Citizen Reporter
2 minute read
30 Oct 2014
6:00 pm

Toyota drives giant flag project in the Karoo

Citizen Reporter

In three years, the Camdeboo region of the Karoo will be the sight of a world first – a giant South African flag that will be visible from space.

Slide showing the relative size of the flag. Picture: supplied

As official vehicle partner, Toyota SA will be instrumental in the creation of the giant flag through the donation of various vehicles required for the build-up and sustainability of the project.

“Toyota is proud to be a sponsor of this project – the start of which coincides with our Hilux Legend 45 launch in the year we celebrate 20 years of democracy in South Africa,” said Dr Johan van Zyl, president and CEO of Toyota SA.

“We are a proudly South African company and this project was a natural fit for us. One of our values is to protect the environment and, as a company, to ensure our impact on the environment is as low as possible. However, our involvement is not only to encourage an environmental culture but also to support the local development that this project will provide,” he said.

The giant flag will be a 66 hectare South African flag, made up of 2.5 million coloured succulents, with a 4MW solar field incorporated into the flag. But the environmental impact of this project is not the only thing that makes it impressive – the benefits to the local community and economy are paramount.

These include creating more than 700 jobs for the construction and planting of the flag, of which up to 60% will be women; upskilling and training of local residents which, of course, will have a direct impact on the community; and local tourism will benefit from the addition of a tourism attraction.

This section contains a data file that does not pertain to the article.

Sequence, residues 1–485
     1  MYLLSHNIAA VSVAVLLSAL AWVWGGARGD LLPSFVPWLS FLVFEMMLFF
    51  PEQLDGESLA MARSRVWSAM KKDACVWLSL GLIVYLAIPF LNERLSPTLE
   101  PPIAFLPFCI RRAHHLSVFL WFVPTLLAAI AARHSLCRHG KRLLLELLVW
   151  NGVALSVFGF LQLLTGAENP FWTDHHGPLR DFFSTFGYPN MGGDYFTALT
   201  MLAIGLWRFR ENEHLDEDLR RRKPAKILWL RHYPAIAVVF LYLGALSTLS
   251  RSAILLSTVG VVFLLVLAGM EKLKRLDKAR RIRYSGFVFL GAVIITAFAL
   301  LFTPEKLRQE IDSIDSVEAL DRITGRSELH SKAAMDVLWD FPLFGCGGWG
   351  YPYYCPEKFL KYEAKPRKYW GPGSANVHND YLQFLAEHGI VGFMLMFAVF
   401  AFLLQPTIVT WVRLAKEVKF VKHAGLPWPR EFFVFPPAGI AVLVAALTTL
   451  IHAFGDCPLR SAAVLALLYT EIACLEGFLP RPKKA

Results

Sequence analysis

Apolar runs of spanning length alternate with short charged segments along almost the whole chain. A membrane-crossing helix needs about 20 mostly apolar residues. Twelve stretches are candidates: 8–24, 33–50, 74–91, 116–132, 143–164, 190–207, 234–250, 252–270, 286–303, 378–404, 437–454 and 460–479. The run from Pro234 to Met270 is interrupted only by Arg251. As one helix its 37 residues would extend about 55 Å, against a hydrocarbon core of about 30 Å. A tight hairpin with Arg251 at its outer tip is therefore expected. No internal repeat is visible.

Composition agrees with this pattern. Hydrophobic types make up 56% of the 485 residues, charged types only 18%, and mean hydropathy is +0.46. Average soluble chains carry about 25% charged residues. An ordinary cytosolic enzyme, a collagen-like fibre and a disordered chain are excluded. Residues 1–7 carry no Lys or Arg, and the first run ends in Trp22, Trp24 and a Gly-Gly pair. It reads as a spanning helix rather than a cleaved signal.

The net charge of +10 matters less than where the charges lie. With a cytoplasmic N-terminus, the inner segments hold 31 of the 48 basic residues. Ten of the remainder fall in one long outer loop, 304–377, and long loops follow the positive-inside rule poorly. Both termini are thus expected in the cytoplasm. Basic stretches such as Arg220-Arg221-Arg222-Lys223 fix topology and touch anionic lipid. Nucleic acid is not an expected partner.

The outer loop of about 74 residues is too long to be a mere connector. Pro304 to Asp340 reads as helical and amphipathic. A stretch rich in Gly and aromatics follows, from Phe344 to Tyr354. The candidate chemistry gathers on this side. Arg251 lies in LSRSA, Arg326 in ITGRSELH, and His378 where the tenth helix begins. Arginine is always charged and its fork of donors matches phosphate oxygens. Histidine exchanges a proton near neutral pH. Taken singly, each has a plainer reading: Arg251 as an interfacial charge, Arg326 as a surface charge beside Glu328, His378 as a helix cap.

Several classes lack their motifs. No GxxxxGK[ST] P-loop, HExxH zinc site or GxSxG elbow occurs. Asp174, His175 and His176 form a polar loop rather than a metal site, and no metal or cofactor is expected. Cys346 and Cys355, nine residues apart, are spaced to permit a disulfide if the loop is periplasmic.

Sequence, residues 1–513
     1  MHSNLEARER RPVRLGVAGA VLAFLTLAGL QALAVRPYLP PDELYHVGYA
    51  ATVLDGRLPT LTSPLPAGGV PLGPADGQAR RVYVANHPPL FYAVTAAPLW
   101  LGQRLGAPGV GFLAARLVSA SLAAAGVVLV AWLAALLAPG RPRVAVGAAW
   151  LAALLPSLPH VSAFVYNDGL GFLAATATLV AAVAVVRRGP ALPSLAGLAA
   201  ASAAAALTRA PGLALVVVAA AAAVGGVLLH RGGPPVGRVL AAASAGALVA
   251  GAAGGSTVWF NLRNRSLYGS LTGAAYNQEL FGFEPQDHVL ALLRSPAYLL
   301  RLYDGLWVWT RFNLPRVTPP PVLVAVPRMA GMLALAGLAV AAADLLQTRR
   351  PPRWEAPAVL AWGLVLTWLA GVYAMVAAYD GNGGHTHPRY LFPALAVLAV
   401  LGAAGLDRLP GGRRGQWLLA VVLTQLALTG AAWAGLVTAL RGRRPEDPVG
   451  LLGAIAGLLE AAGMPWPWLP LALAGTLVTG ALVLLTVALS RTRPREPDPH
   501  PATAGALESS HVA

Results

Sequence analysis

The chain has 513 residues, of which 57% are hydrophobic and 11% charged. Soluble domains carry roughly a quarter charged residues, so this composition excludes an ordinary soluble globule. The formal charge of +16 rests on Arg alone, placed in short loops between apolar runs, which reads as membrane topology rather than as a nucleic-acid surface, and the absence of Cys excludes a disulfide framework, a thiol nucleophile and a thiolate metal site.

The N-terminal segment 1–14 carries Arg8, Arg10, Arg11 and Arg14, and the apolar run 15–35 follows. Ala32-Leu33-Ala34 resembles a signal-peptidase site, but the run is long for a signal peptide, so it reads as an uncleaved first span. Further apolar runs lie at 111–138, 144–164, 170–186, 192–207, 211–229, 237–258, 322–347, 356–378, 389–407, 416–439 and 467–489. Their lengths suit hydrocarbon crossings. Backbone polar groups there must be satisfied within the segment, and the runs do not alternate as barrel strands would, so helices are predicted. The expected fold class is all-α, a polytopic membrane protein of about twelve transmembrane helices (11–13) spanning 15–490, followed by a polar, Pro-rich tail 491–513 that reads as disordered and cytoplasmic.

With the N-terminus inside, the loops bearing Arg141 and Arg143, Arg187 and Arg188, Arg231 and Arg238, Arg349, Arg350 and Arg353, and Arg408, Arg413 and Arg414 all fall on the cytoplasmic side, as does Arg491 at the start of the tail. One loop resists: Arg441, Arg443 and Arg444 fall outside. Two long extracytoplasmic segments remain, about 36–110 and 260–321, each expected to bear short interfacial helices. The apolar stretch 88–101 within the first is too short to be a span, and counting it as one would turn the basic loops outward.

SA flag schematic with plants and solar panels. Picture: supplied

SA flag schematic with plants and solar panels. Picture: supplied

More permanent benefits will also result from this project, such as giving employment to small and medium enterprises (SMEs), all involved in making the big flag dream a reality.

These include the development of a conference facility and an SME precinct within the flag, under the apex of the black triangle (the solar field). This will include green buildings and a large-scale water-harvesting design within the rows of solar banks and various tourism activities, including hot-air ballooning and microlight sky tours.

The giant flag’s main income will come from selling “pixels” that will create a virtual/digital footprint for the project. Each pixel costs $10 (R109) and will be available to the general public to purchase. Buyers will be able to view the growth of their pixel using Google maps.

“The important aspect of this project is its longevity and far-reaching benefits to the local community. Toyota has an opportunity to use its products and assets to assist in making this project a success. We would like to involve as many areas of our business as possible to ensure success,” added Dr van Zyl.